We are celebrating the 80th birthday of Stephen Sondheim by speaking with several of the women most associated with the work of the award-winning composer-lyricist. This week we chat with two-time Tony winner Donna Murphy, who won her first Tony Award for her work as Fosca in Sondheim and James Lapine's Tony-winning Passion. The acclaimed singing actress would later earn raves for her work as Phyllis in the City Center Encores! production of Sondheim and James Goldman's Follies. Murphy will return to that famed New York venue this month to play Mayor Cora Hoover Hooper in Sondheim and Arthur Laurents' Anyone Can Whistle.
"I got a musical my sophomore year [of college]," Donna Murphy recently recollected. "I went to an open call, and it was for They're Playing Our Song. I was hired as an understudy and while I was doing that show, I saw [ Andrew Lloyd Webber and Tim Rice's] Evita, and I saw [Stephen Sondheim and Hugh Wheeler's] Sweeney Todd. I saw other shows, too, but [after] those two shows I practically had whiplash because I was so blown away by the power of them. And I remember thinking, with all due respect to how lucky I [was] that my first professional job [was] a Broadway job, 'This is what I aspire to — a work of this kind of power and depth.'"
Flash forward to March 2010, and Murphy, the winner of two Tony Awards for Best Actress in a Musical, is among the select group of women ( Bernadette Peters, Patti LuPone, Audra McDonald, Marin Mazzie and Elaine Stritch) — all wearing specially designed red dresses — chosen to honor birthday boy Stephen Sondheim in an evening with the New York Philharmonic. "Ultimately, I think the whole idea of it was so vibrant and rich," says Murphy. "And, most importantly, the idea of getting to sit on stage with women who are both icons to me and colleagues. I mean, Audra and Marin, in probably an even more active way in my own career, because I've worked with them. And, in the case of Patti and Bernadette and Elaine, early in the career, I kind of idolized [them]. Elaine was a slightly different world, but Patti and Bernadette, it was like, 'Well, when I grow up, boy, that's…' And not that they were that much older than me, but … when I came to school, to NYU and saw Patti in Evita, I thought, 'Dear God! That's a force.'"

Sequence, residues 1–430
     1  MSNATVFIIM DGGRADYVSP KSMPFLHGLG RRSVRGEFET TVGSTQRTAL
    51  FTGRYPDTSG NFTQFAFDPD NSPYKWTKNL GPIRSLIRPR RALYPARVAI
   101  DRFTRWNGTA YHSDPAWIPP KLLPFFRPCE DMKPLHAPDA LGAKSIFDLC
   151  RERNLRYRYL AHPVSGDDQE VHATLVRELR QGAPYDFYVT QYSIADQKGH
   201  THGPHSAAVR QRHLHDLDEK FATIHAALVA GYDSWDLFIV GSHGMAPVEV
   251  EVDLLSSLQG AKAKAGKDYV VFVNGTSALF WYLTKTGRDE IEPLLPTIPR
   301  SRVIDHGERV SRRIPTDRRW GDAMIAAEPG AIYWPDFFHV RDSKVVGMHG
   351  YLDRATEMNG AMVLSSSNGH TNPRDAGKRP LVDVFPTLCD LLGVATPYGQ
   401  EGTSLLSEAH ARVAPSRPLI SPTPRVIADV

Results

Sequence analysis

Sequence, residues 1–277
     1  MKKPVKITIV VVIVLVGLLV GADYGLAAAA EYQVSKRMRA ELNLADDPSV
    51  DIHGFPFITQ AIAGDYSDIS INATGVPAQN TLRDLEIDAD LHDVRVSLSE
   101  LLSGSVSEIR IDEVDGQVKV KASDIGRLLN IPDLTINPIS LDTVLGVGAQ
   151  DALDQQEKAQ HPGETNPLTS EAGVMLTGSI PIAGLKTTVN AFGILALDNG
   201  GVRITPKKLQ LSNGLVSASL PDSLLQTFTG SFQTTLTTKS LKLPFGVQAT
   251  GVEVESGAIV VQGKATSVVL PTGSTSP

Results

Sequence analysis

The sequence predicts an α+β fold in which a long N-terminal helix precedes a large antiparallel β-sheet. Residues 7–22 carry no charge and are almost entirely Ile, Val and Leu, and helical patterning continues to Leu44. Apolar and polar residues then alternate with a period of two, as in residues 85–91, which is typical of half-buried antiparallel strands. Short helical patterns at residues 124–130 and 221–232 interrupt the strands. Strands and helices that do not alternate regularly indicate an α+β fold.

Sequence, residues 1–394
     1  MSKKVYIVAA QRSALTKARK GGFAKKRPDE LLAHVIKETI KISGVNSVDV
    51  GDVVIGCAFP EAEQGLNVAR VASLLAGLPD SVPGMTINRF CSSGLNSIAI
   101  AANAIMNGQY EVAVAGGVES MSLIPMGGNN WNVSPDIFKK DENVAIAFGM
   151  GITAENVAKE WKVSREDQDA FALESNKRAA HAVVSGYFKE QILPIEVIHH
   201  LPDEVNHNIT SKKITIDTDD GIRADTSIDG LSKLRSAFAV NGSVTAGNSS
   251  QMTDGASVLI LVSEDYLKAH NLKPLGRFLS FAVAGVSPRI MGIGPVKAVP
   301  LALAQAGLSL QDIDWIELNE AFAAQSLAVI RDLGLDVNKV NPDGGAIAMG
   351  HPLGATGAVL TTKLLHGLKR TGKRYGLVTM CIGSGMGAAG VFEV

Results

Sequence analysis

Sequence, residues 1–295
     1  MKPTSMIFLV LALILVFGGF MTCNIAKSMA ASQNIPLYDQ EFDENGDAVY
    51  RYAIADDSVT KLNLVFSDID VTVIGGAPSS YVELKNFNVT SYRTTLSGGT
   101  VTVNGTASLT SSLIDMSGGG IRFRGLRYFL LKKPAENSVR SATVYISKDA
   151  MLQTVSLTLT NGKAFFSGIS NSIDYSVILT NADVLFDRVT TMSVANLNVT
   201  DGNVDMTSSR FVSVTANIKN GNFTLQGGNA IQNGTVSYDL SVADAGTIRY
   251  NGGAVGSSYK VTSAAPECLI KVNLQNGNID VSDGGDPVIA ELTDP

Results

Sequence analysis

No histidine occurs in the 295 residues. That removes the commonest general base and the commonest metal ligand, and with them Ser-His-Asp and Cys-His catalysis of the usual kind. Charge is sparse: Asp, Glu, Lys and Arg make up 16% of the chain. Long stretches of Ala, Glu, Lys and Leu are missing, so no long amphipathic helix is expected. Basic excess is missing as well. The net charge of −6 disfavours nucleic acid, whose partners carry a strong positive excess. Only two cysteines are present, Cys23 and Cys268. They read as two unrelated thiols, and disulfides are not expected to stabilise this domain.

Murphy would prove to be another force, eventually winning her first Tony Award for her layered performance as Fosca in Stephen Sondheim and James Lapine's Passion. But the road to Sondheim, Murphy explains, was not an easy one; in fact, if anyone exemplifies the benefit of listening to the old adage, "If at first you don't succeed…," it just might be Murphy.
"I first met [Sondheim] from afar when I auditioned for Into the Woods," Murphy says. "I auditioned for the Witch, before they asked Bernadette, after they had done workshops and they were auditioning people for the Witch. And, I had several callbacks, and I was asked to work with James [Lapine] and I was asked to work with Paul Gemignani. And so, he was in the house and I met him, but I didn't get to work with Steve. And, obviously, I didn't get that job," Murphy laughs. "It wasn't my time. And then I auditioned for him again when I was called back to replace Joanna Gleason as the Baker's Wife in Into the Woods, and had what I thought was a really great audition. I thought, 'Oh, this could maybe…,' and Chip Zien actually read with me, and he was really supportive and very encouraging, and that one wasn't mine, either. I've subsequently been asked to play the role a number of times and haven't been able to do it. I hope I'll get to do it before I'm too old! And I think I had a little interaction, like, across the footlights with him. "Then, I auditioned for a production of Merrily … in DC . . . . I was auditioning for that production, and they were going back and forth about [casting] me for Mary and me for Gussie, and I said, 'I will happily [audition for both], but you have to give me appointment times with at least three hours in between.'"
Murphy didn't end up with either role, but she did get some encouragement when she spoke with the casting director, Natalie Hart, shortly after the audition process. "'You know, Stephen Sondheim talked a lot about you after that audition.' I said, 'Really? What did he say?' And he said something like, 'I hope she sticks around in the theatre because she's the kind of gal who they're gonna scoop up, and she's gonna get a television pilot or something.' And, well, that didn't happen," Murphy laughs, "or I did, and it didn't work out – pilots didn't get picked up or whatever, and I hung around the theatre."
|photo by Joan Marcus|